when in fact I have used this (thanks again, Stackoverflow).
greet_str: .ascii "Hello "
.set GSTR_SIZE, . - greet_str 
Either the Developerworks article was written before the "." was introduced to keep track of the current location or the author wasn't aware of it.  This part of the code becomes cleaner and more NASM like since the extra label "gstr_end" is not required.

On to Listing 4 and we're on a roll.  You'll see the liberal scattering of "OFFSET FLAT:" because of all the non-lea instruction references to the strings in the .data section.  There are a couple things a little different in this one though.  First (shown in the code and mentioned in the Developerworks article), the parameters passed to the linker instruction are changed to link the external C standard library.  Second is the use of "BYTE PTR" where NASM got away with just using "byte".  I tried a search and replace of "BYTE PTR" to "byte" and the program stopped working properly, though gas did not complain.  I could have experimented a bit more with this to see what was going on here but didn't bother.  My initial read of the gas docs suggested to me that "byte" should have done the trick.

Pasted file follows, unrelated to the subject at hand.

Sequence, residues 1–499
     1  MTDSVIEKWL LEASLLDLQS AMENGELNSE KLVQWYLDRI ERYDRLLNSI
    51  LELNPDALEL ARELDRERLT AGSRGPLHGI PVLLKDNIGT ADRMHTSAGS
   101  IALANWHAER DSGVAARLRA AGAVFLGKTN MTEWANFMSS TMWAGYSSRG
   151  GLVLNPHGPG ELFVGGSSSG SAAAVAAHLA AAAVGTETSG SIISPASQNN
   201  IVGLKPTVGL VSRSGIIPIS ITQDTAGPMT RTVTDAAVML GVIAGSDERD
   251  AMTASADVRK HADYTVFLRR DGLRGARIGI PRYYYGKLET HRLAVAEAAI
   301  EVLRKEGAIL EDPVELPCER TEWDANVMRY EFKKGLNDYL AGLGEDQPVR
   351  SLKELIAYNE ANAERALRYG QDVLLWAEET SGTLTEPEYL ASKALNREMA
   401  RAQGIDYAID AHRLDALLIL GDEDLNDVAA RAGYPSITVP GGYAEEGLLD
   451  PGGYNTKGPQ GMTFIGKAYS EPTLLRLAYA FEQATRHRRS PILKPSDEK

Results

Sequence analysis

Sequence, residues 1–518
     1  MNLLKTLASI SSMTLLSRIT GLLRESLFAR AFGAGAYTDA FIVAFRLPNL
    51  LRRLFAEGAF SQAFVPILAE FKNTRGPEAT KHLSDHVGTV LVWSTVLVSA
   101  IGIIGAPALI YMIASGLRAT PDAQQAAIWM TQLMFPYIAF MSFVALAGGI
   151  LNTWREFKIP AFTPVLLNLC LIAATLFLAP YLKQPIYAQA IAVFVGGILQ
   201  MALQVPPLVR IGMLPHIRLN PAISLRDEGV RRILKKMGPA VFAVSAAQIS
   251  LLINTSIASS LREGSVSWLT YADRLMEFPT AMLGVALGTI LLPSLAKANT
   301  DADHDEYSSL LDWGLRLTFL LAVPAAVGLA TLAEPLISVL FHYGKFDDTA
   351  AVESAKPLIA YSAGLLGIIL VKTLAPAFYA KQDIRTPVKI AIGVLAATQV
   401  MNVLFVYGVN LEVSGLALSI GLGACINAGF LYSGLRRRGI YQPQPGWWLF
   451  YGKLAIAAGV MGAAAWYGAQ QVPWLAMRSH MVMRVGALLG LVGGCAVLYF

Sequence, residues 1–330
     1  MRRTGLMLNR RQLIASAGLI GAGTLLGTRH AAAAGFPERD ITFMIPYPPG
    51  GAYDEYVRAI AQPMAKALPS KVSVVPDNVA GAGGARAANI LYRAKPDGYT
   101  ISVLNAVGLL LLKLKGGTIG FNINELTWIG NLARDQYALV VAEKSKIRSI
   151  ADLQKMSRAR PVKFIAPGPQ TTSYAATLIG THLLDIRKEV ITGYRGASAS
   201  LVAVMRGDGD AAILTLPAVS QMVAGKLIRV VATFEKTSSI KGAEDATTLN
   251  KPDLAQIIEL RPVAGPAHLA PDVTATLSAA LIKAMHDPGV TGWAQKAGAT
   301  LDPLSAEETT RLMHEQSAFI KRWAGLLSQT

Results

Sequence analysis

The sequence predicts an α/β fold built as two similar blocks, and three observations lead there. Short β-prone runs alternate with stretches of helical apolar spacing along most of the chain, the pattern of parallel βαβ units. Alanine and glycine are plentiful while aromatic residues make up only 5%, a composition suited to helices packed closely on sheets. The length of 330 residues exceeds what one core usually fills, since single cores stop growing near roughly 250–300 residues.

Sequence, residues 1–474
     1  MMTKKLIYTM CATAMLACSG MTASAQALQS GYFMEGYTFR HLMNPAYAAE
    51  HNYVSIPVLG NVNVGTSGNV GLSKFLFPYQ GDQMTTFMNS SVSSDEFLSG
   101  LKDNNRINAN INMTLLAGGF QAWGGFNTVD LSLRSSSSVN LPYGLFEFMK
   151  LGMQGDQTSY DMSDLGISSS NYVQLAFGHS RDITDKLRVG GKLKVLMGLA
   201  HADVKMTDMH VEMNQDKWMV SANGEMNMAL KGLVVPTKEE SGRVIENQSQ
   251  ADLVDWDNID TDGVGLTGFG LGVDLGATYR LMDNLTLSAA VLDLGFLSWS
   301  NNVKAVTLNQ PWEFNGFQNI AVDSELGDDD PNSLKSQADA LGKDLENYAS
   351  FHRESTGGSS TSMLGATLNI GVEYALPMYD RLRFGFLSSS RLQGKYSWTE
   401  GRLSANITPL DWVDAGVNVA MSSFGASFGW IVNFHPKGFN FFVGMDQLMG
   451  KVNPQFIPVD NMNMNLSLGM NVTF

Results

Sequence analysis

Finally, we get to Listing 5.  This was smooth sailing.  Again there is liberal use of "OFFSET FLAT:" to reference memory locations in the .data section.  There is also the introduction of the .rept command to simplify the allocation of ten memory locations, but this translated over straight from the gas code in the Developerworks article without a hitch.
And that about wraps it up. Knowing a few rather arcane tricks makes gas much easier to work with.  gas is also everywhere there is a gcc compiler, so you can use it pretty much anywhere on everything.  All you need to know is a few tricks to make it more usable, and now you know those tricks.  Give it a shot.

1 comment:

  1. How does the nasm address es:[bx + 0x1a] transfer to gas?
    Ive done some looking around and the data inside the location [bx + 0x1a] would transfer as %bx(0x1a,1) right?